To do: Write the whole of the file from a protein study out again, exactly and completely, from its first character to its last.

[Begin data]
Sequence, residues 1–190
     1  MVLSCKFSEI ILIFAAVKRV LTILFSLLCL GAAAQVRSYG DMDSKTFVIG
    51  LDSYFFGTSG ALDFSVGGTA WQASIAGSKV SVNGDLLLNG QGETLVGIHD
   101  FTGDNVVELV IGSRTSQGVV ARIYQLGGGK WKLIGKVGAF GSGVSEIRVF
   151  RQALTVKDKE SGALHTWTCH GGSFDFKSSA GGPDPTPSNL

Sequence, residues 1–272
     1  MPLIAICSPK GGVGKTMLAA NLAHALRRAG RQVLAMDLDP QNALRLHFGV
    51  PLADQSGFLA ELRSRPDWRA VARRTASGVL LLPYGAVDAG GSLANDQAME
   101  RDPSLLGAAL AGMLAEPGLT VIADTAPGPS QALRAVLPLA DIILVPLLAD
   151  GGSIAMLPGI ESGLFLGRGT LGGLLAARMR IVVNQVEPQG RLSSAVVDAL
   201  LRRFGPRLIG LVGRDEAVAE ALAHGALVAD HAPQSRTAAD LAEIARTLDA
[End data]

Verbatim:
Sequence, residues 1–190
     1  MVLSCKFSEI ILIFAAVKRV LTILFSLLCL GAAAQVRSYG DMDSKTFVIG
    51  LDSYFFGTSG ALDFSVGGTA WQASIAGSKV SVNGDLLLNG QGETLVGIHD
   101  FTGDNVVELV IGSRTSQGVV ARIYQLGGGK WKLIGKVGAF GSGVSEIRVF
   151  RQALTVKDKE SGALHTWTCH GGSFDFKSSA GGPDPTPSNL

Sequence, residues 1–272
     1  MPLIAICSPK GGVGKTMLAA NLAHALRRAG RQVLAMDLDP QNALRLHFGV
    51  PLADQSGFLA ELRSRPDWRA VARRTASGVL LLPYGAVDAG GSLANDQAME
   101  RDPSLLGAAL AGMLAEPGLT VIADTAPGPS QALRAVLPLA DIILVPLLAD
   151  GGSIAMLPGI ESGLFLGRGT LGGLLAARMR IVVNQVEPQG RLSSAVVDAL
   201  LRRFGPRLIG LVGRDEAVAE ALAHGALVAD HAPQSRTAAD LAEIARTLDA